A basic understanding of Medicaid qualification helps address planning concerns for your estate surrounding long term care and the passing of assets to a surviving spouse or to children.
If your estate plan includes assets passing outright to your spouse without creating a trust for that spouse, your plan should be reviewed to consider additional asset protection techniques.
If your plan already establishes a trust for a surviving spouse, review is still necessary periodically to ensure the plan continues to comply with updated laws around Medicaid qualification.
Review of your plan ensures that it continues to comply with updated laws around Medicaid qualification. This helps protect your assets and contributes to financial stability over the long term.
There are two types of planning for Medicaid: preplanning and crisis planning. As you might imagine, preplanning, which means reviewing your current estate plan, and changing it if necessary, is preferable. Crisis planning occurs when a person with diminished capacity has immediate full time care needs.
Medicare v. Medicaid.
Medicare is the federal health insurance program created in 1965 that covers people 65 and over and those with certain long term disabilities, regardless of income, medical history or health status.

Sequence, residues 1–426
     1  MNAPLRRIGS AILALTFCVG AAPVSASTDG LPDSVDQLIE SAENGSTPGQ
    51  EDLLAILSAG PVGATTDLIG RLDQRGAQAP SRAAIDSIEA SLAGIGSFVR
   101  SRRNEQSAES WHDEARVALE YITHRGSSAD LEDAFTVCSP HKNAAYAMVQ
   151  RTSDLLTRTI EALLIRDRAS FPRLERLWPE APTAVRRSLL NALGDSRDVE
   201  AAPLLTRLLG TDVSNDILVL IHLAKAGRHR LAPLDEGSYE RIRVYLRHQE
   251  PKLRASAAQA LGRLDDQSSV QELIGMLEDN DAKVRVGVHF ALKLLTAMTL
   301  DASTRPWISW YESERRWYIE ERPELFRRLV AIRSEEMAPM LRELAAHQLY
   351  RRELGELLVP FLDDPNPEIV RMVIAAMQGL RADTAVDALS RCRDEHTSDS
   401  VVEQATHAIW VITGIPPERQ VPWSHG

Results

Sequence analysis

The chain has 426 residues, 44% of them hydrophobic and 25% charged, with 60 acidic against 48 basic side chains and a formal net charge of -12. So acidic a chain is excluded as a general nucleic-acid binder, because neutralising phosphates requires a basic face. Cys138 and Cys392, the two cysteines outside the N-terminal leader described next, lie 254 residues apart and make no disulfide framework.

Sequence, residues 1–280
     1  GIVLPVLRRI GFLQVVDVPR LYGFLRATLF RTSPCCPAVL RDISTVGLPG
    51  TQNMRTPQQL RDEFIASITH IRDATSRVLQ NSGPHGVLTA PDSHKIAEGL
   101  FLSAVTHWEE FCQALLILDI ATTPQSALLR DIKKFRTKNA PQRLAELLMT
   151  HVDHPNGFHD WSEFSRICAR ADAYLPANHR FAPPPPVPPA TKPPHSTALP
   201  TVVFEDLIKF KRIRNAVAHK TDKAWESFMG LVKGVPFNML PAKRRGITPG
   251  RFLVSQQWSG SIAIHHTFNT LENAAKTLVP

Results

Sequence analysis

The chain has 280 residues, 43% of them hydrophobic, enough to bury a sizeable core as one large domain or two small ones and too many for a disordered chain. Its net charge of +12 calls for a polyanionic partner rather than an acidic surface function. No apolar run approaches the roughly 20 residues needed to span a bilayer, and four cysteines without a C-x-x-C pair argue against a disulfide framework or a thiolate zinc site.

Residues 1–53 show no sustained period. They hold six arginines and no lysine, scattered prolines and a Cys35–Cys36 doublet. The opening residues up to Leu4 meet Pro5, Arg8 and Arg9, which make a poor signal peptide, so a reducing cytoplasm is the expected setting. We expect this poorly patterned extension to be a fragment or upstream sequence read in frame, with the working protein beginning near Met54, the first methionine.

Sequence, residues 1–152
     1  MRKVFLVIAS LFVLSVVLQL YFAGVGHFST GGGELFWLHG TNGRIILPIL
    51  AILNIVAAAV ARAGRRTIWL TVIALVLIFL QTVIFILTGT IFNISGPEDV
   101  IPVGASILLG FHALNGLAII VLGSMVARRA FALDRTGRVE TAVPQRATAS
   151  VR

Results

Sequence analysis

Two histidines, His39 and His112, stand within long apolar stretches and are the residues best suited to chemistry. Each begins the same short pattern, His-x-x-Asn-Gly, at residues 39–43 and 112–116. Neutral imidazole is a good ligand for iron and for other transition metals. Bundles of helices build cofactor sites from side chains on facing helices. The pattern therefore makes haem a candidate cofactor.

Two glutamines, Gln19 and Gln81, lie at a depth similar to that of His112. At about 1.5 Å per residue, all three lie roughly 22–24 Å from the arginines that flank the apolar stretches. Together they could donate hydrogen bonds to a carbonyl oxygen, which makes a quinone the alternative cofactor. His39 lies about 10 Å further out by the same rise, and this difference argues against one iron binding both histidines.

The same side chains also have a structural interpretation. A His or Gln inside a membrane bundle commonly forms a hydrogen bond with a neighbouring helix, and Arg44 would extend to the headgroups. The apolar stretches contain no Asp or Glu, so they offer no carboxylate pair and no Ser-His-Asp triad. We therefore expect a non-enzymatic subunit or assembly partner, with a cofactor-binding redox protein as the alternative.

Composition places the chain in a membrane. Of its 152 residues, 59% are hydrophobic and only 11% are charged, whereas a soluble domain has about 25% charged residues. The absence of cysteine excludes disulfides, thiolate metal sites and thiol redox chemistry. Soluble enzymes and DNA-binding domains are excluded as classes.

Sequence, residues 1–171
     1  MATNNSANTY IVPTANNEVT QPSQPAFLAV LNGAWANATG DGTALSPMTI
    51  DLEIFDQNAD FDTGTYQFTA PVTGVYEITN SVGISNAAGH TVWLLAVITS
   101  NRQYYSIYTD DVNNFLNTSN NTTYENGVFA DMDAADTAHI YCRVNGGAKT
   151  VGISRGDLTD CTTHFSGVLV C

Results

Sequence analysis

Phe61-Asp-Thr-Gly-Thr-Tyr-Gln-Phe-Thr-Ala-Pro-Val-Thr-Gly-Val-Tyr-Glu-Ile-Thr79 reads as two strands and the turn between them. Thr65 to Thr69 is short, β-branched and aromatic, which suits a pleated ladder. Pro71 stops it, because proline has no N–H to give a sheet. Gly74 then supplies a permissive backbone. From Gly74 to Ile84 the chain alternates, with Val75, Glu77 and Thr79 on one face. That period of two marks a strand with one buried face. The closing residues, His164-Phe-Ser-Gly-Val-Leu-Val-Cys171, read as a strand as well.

Medicaid is a needs based program that evaluates a person's income, resources, and medical disability to determine eligibility. It is funded by the federal and state governments, and benefits vary greatly among states.
Overview of Essential Medicaid Facts.
Medicaid qualification involves a three-prong test:
1. Medical necessity. A person must require care in an institution due to their inability to perform activities of daily living, such as dressing, feeding themselves, or taking medication as determined by a written medical assessment.
2. Income test. Income is currently limited to $2,382. A person with income over the limit can still qualify for Medicaid up to a specific income cap if they create an income trust and pay the excess income to the care facility.
3. Resource test. Countable resources are limited to $2,000, but there are exemptions: equity value in a primary residence; a vehicle of any value; pre-paid burial plan; life insurance up to $1,500; personal belongings and household furnishings. A married person is allowed a community spouse resource allowance.
The countable resource exemptions for a married person may be higher than you realize. Single applicants face greater limitations on retaining the value of property but there are planning strategies to help retain the value of the applicant's estate. Some ideas are: having a caregiver child reside in the home for at least two years when such care enables the disabled person to stay at home rather than in a facility; converting a resource to an income stream with an annuity; using a reverse mortgage to stay in the home; and having the disabled person buy a life estate in the child's home.
There are other planning strategies including a wide range of trusts that can help you best create financial stability and asset protection. Please call 307.200.1914 for a free consultation.